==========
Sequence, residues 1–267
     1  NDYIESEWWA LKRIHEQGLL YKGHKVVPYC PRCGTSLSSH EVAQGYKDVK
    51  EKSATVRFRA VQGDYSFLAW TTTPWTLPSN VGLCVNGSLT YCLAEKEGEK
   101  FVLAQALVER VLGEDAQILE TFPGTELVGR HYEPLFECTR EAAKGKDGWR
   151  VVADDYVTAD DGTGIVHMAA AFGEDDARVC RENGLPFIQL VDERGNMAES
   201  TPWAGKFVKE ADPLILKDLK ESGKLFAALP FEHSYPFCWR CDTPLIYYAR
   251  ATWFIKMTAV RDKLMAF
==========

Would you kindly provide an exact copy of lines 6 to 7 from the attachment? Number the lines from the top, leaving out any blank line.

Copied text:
   201  TPWAGKFVKE ADPLILKDLK ESGKLFAALP FEHSYPFCWR CDTPLIYYAR
   251  ATWFIKMTAV RDKLMAF